The data also show that despite fierce competition from Asia, Poles mainly wear the products of its domestic “tailors”. In 2014, imports of clothing from fabrics amounted to PLN6.8bn (almost USD2.2bn), and exports amounted to PLN6.73bn (USD2.16bn). The import of knitwear amounted to PLN2.6bn (USD840m), with exports reaching PLN2bn (USD662m). The total balance of the import and export of both of these groups is PLN670m. This is the surplus of imports over exports of clothing and garments, and it is a drop in the bucket compared with the retail sales of clothing.
One more thing. Carpenters and furniture makers specializing in wardrobes would have gone bankrupt long ago, or would have switched to making tables and chairs, if it were not for women. In Poland, as in other countries, sales of clothing for women and girls are up to three times higher than in the case of male clothing.
Unfortunately, we have no data on the value of the clothing that Poles (male and female) have in their wardrobes. However, we can imagine how much their clothing is worth based on the British estimates. The government agency WRAP (The Waste & Resource Action Program) operating with the support of the European Union believes that the value of clothes per one British household is approx. GBP4,000. Because of the fussiness of some ladies or (less frequently) gentlemen, 30 per cent of the contents of each wardrobe does not leave it throughout the entire year.
While I cannot confirm this data, I would be inclined to assess the value of the clothes hanging in the wardrobes of the statistical Polish household at between PLN3,000 and PLN6,000, wherein the amount is likely to be closer to the first figure.
The WRAP agency estimates that when it comes to the clearing of wardrobes, more than half of their contents end up in rubbish bins and the rest goes on the secondary market, with a significant part of the clothing saved from destruction or processing into raw materials being sent somewhere abroad. It seems that the situation could be quite similar in Poland.
What and for whom
The supply of second-hand clothing is ensured by our propensity for charity, as in popular opinion this activity is mainly conducted by non-profit charity organizations. This is true to some extent. Generally speaking, however, it is a lucrative business, which reminds us of the biblical miracle at Cana of Galilee, except that instead of the transformation of water into wine, it involves the addition of a commercial value measured in the millions and billions to the shabby use value.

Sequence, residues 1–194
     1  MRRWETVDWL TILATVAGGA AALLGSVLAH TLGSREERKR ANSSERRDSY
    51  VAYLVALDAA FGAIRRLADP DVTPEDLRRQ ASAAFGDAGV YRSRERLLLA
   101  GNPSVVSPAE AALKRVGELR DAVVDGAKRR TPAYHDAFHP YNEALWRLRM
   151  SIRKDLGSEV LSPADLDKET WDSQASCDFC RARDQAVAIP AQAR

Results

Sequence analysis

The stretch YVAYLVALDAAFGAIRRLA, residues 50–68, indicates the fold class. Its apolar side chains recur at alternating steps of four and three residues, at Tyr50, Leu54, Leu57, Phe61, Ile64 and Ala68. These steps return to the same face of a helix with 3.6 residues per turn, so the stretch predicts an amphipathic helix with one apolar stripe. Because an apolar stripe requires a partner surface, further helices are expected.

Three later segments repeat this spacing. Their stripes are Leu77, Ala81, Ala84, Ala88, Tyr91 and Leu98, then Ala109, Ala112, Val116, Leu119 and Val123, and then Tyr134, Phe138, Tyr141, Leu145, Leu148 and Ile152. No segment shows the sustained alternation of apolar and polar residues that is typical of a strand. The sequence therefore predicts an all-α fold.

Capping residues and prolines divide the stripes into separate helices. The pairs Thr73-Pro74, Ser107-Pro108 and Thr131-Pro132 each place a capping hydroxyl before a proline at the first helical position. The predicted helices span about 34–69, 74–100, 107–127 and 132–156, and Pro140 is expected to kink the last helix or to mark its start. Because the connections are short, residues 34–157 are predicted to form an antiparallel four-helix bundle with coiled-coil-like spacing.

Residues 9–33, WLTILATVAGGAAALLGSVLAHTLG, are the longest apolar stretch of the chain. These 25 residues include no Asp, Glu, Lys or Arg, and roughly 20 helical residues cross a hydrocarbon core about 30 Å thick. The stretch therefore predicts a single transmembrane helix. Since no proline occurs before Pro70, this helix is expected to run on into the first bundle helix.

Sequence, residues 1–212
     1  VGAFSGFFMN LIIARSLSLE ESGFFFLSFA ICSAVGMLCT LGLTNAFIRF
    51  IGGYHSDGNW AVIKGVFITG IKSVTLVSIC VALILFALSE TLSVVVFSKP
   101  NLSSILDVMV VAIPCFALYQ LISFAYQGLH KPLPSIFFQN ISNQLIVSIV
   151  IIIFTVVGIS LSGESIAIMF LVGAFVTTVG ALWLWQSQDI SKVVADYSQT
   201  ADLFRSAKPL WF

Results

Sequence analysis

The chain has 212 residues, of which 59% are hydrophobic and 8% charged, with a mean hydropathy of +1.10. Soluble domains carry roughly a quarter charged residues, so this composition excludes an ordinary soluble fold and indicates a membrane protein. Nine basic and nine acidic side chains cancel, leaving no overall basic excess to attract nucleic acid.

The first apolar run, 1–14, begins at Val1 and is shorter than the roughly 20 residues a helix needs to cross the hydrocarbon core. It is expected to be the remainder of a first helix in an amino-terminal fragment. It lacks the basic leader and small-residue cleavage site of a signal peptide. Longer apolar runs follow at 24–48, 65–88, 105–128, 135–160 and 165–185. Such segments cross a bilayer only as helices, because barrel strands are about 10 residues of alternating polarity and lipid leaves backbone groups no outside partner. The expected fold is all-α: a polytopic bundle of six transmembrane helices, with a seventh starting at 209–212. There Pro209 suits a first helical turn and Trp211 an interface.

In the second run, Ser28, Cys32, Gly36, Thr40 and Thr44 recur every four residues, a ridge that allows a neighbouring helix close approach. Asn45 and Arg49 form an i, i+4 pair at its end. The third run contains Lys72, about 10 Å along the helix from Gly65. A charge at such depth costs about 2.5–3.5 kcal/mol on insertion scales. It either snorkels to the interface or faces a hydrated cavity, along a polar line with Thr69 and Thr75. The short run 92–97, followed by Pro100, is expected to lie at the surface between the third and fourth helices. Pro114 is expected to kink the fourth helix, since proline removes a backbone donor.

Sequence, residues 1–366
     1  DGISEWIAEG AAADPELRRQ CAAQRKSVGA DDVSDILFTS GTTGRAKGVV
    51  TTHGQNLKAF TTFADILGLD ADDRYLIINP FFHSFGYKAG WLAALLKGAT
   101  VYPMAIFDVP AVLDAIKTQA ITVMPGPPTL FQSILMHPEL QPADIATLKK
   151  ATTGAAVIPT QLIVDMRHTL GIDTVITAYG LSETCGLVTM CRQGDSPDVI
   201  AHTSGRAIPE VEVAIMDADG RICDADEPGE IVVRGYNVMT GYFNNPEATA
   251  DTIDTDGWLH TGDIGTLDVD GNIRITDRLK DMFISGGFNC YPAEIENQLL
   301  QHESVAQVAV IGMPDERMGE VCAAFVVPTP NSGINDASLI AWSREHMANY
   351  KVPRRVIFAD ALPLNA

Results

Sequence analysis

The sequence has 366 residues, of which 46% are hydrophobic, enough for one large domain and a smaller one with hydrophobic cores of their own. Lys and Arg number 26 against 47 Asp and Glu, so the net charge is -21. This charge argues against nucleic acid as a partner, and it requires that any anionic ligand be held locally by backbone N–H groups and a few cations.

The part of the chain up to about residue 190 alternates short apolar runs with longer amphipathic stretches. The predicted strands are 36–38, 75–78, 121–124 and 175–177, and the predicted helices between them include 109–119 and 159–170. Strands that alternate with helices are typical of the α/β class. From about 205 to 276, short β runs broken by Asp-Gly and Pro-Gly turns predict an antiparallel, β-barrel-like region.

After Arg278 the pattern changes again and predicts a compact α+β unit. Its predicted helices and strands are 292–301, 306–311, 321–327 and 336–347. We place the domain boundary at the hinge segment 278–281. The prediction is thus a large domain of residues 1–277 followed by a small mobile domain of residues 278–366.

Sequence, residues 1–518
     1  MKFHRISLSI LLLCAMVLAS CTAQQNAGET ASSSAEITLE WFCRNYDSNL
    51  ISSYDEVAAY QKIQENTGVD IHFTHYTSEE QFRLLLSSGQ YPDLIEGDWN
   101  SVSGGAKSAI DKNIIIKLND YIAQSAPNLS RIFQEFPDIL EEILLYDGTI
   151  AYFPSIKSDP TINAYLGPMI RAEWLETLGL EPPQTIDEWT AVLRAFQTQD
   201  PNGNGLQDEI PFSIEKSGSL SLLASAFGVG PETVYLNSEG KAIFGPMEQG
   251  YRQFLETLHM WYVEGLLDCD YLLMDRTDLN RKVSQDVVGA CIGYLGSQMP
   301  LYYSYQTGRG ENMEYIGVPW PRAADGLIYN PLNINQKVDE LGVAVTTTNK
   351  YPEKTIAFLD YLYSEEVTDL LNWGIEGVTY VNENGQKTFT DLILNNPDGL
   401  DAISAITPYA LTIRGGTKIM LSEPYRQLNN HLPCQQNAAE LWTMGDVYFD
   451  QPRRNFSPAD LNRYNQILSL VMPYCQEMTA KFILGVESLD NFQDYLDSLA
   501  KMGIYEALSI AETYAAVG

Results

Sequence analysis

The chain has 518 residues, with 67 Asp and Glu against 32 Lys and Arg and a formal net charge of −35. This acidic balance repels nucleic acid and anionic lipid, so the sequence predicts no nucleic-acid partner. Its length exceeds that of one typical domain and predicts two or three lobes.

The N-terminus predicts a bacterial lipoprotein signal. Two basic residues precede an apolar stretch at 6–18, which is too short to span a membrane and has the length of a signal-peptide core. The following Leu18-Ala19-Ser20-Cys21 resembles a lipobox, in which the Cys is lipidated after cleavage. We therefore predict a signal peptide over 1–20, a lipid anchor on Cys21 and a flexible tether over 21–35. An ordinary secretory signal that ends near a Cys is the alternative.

Old clothes acquire value as a result of the processes of sorting, washing, cleaning, combining into batches and transportation, but mainly as a result of the correct distribution.
Dr. Andrew Brooks, a lecturer at King’s College in London and the author of the book “Clothing Poverty: The hidden world of fast fashion and second-hand clothes”, noted in his book that second-hand white shirts from the London City yuppies are most popular in Pakistan, where they are purchased by the local lawyers, warm coats sell like hotcakes in Eastern Europe, and all clothes with short sleeves and short pants are most sought after in Africa.
In Kenya and Tanzania, second-hand clothing is called “kafa ulaya”, that is, “clothes of the dead whites”. In Zimbabwe, which recorded the highest inflation in the history of the world (or in fact, didn’t record it, because Zimbabwe ran out of zeros) second-hand clothes stores have a name with a perverse connotation. It is “mupedzanhamo” which means “where all problems end”.
The great success of global trade in second-hand clothing has many dark sides. One of them is the collapse of the textile industry in the broad sense in the countries (mostly African) where the population wears clothes from second-hand stores.
Moderation is needed
Mattias Wallander, the head of the textile recycling company USAgain, was cited as saying in The Atlantic magazine that Americans currently buy five times more clothing than in the 1980s. We should be afraid to even count how many more times this would be, if compared with even earlier periods.
It would be good to remind ourselves of this nice little trait known as moderation. This isn’t about returning to the times when all the clothes of a large family could fit in one large chest, but about coming to our senses. That, however, is not likely to happen any time soon.
The search for rationality in the shopping frenzy, which after all has not been limited to America, is beside the point, because there is nothing rational about madness. However, the most unpleasant thing today is the lack of reflection, which has affected almost all of the so-called elites, in their full spectrum from the left to right and back.
For example, the uproar regarding climate change is so loud that one risks hearing loss. But I have not heard (maybe because I’ve gone deaf from this cacophony) any activist who would tear their second-hand garments in protest against the morbid overconsumption of clothes in the world. In some circles, fashion can change more frequently than several times a year. According to the currently binding crooked political correctness, the looming ‒ as they claim ‒ climate catastrophe is only the result of the dirty coal mixed with the repugnant oil, because no one wants to go through the trouble of counting the carbon footprint brought, for example, by the millions of tons of unnecessary clothes.
When we are lost for words, it is worth looking for solace in history, because it is the source of truth. At the end of each of his speeches in the Senate of Rome, Cato the Elder said: “Ceterum censeo Carthaginem delendam esse”, which means: “Besides, I believe Carthage must be destroyed”.
As a censor, which was a very high office, responsible, among others, for tax reviews, Cato promised to “hack to pieces and burn like the Hydra any manifestation of luxury and lust”. As a result, women were prohibited from showing off jewelry and excessively colorful, and especially purple, clothing.
The people did not heed Cato’s advice for too long and Rome finally fell. I think that it is worth repeating that while eternity is not prescribed for humanity, we will not be able to find out whether that is true or false, because we will long be doomed by profligacy.